Category Archive : Slow Food Toronto – Blog

Coronavirus. Support our local and small businesses during this difficult time. 

Brothers and Sisters:
As the entire world is faced with the concern of the new Coronavirus known as COVID-19, I feel it is important to speak to this topic with all our Slow Food Toronto membership.

This is a strange and difficult time. We are all concerned about what the coronavirus pandemic means for our health, our livelihoods, our food system, and our communities, both in the short and long term.

We hope that this current situation will not detract from the exceptional artisans, cooks, bakers, and farmers that work diligently to provide local, fresh and handmade items for customers every day, while supporting their families, and their communities.

We at Slow Food are trying to save the planet by encouraging people to live in a healthy and sustainable manner.

We invite you to Support Local And Small Businesses:
• It shows you care about your local community. The number one perk to consider, for obvious reasons, is that supporting local means that you care about the community that you live in. You’ll be able to put money back into your community and the other people who call it home, too.
• It shows respect to the business owners. Local business owners don’t have the funds to go big or go home, so when you buy local you are going to be respecting that they are getting out there every day and trying their best to make an honest living even against all of the competition out there.
• You’re helping bring character to the commercial world. The commercial world is full of companies that all offer basically identical options. It’s hard to find anything that is entirely unique anymore.
• You’ll get unique products. Unlike big corporations, shopping local is going to offer you unique products that will be as incredible as you think they will. You’ll find unique twists on traditional possessions, or entirely unique ideas that create products that you never even knew you needed before you saw them in that shop.
• They always want the best final result, not your money. There’s no secret about it, a big company is going to be all about the money. They only care about making a final profit so they can get richer and pay their shareholders a fat return on their investment. Not to mention that lots of them provide lower quality products that are less fresh and full of trashy ingredients. A local company is more than that. They’ll guarantee you a product that is the real deal. A reliable purchase that will promise you quality and a fresh twist on something that you saw by a big brand elsewhere.
• You are giving people jobs. There’s no question that the job market is tight these days, and by shopping local, you are keeping a business open (one that cares about you) and giving people jobs within it so that you can help the local economy in more ways than one.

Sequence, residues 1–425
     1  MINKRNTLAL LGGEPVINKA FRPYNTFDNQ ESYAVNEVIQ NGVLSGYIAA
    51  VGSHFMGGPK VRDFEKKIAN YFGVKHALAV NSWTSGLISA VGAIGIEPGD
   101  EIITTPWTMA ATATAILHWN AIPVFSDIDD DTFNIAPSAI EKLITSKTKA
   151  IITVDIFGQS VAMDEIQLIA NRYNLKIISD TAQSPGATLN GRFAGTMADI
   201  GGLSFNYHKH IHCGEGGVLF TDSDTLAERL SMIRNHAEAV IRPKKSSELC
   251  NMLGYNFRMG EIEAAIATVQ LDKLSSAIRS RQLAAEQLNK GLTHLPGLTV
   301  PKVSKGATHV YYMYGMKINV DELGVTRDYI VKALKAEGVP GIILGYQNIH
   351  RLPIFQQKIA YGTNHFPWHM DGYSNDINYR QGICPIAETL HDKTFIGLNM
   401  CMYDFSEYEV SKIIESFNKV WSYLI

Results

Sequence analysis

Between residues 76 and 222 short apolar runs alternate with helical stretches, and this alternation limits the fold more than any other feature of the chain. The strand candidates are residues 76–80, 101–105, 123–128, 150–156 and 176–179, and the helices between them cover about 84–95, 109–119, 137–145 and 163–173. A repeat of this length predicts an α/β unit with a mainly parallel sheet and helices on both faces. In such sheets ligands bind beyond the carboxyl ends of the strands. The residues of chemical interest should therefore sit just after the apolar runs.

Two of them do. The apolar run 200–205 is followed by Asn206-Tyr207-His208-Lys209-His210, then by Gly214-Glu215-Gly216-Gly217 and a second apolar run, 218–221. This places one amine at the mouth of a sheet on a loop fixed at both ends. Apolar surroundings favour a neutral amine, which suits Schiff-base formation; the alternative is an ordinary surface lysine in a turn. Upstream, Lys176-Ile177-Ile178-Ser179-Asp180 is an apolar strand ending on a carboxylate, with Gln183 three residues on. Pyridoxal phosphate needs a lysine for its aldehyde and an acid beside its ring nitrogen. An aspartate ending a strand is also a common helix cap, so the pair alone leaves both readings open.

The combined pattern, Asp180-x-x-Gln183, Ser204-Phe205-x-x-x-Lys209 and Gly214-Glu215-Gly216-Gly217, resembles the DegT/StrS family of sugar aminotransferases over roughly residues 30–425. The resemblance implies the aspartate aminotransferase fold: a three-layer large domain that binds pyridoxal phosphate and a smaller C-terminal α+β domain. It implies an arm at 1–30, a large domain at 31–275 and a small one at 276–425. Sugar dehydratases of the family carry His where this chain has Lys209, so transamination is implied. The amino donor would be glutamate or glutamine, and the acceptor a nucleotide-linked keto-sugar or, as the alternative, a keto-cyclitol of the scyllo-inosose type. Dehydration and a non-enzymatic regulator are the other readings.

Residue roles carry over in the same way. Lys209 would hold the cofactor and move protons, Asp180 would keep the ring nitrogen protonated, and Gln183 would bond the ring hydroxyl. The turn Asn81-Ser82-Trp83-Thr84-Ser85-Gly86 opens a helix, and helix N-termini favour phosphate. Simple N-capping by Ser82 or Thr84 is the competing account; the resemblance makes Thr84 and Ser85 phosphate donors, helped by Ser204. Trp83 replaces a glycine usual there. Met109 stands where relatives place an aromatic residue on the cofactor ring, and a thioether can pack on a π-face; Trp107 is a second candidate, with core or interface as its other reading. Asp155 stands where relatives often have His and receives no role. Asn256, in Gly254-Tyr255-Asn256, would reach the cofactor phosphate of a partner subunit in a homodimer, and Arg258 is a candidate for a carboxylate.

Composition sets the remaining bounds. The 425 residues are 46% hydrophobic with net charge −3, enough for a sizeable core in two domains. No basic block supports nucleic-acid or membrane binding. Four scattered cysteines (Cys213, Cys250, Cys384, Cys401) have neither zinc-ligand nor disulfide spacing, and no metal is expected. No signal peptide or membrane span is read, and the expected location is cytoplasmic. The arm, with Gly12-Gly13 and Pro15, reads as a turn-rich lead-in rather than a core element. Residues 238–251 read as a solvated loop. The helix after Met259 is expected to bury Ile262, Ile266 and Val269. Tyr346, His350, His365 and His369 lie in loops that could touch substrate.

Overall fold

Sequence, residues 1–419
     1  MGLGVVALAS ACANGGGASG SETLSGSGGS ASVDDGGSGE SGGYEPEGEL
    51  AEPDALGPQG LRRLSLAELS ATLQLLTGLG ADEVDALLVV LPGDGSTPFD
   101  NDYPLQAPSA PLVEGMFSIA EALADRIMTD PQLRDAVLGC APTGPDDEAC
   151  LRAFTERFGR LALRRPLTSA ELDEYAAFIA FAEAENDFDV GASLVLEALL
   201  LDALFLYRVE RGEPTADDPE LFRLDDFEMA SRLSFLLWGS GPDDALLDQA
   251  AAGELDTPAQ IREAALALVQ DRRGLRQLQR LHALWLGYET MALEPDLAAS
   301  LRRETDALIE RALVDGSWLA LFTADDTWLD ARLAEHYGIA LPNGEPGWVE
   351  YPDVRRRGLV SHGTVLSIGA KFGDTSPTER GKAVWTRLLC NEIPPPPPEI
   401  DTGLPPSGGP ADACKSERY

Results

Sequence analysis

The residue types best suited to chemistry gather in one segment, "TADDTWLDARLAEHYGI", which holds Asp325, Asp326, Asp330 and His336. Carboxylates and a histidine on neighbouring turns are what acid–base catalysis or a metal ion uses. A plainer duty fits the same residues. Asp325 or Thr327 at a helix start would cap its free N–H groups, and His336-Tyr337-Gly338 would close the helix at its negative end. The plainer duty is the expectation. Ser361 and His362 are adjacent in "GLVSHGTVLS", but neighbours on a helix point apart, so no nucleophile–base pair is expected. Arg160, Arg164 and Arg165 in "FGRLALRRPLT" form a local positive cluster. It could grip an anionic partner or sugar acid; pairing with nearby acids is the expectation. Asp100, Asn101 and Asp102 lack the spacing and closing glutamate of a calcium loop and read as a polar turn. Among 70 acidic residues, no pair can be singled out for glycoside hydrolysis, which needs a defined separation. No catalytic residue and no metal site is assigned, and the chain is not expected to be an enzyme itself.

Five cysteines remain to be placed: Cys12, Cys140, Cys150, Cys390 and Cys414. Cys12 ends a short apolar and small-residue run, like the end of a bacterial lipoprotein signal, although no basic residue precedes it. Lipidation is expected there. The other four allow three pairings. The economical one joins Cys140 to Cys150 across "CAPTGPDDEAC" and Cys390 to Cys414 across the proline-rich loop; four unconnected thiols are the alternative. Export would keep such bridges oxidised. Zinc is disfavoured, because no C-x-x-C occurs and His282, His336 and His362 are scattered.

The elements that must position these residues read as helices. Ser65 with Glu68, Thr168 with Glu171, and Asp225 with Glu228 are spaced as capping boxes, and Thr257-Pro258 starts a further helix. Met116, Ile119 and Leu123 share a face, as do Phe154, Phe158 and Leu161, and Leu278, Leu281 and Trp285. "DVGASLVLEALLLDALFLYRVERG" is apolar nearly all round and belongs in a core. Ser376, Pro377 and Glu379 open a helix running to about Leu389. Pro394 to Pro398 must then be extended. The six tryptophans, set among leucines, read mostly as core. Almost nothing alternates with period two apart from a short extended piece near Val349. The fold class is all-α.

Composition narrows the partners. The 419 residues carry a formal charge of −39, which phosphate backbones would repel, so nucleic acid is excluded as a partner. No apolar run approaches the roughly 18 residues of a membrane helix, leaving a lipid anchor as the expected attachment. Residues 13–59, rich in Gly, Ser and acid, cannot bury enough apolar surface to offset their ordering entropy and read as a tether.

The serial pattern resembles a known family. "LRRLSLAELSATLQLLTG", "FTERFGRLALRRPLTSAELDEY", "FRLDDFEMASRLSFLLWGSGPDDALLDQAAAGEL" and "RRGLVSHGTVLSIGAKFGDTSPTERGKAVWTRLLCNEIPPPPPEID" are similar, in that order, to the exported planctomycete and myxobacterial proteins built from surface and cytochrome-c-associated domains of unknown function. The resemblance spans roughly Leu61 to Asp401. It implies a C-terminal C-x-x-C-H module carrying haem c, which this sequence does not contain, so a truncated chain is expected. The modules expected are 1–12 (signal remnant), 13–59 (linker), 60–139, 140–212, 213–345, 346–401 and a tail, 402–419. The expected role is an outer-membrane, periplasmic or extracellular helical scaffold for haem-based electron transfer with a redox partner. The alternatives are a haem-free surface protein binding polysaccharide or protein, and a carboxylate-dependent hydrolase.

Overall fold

When it comes to supporting a local business, you can do a lot of good even if you don’t want to shop there for whatever reason. Follow them on social media and make sure you share their deals or sales or announcements so that you can network and help them get a wider net for people who will be interested in shopping there.

We want to spend a moment to talk about basic and simple hygiene practices that, according to the CDC, we can all practice to help each other maintain a level of potential protection against the spread of any and all viruses, including COVID-19:
• Wash hands often with soap and water for at least 20 seconds, use an alcohol-based hand sanitizer if the soap is not available with at least 60% alcohol.
• Cover your nose and mouth with a tissue or cloth when you sneeze or cough
• Avoid touching your eyes, nose and mouth.

Finally, a note of caution as Spring and Easter Break approaches to keep in mind these protocols when looking at family travel and these best practices.

In this uncertain moment, I have every confidence in our community’s ability to pull together with kindness, care and concern for the common good.

In Solidarity,
Luciano Schipano
President – Leader Slow Food Toronto

Together in Solidarity: We Stand as One Movement

from Slow Food

 9 MARCH 2020

The spread of COVID-19 around the world is having enormous impacts on our lives. In Italy, the government has placed all of the Lombardy region as well as several other provinces in the north of the country under quarantine, in order to slow the spread of the virus.

Schools, universities, cinemas, gyms and other places of public gathering have been closed across the country. In our home town of Bra, Piedmont, the streets are quiet as people stay at home as much as possible.

Photo by Tullio M. Puglia/Getty Images for Slow Food Terra Madre)

“Until a few weeks ago, the bogeyman of the European economy was the tariffs the US government applied to some food products of the old continent, but today the expansion of the coronavirus has completely reshuffled the global papers. To make the economic scenarios gloomy is no longer an aggressive protectionist measure, on the contrary we are faced with an unprecedented situation that opens equally unprecedented scenarios. Stationary tourism, the limited mobility of citizens at all latitudes, closed schools and emergency hospitals are conditions that we have never seen all together and that at the moment no one is able to circumscribe over time. Not to mention the very object of the emergency, a virus that, although at the moment it still seems to be under control, continues to spread and has now touched all Italian regions and the vast majority of European, Asian and North American countries,” said Carlo Petrini.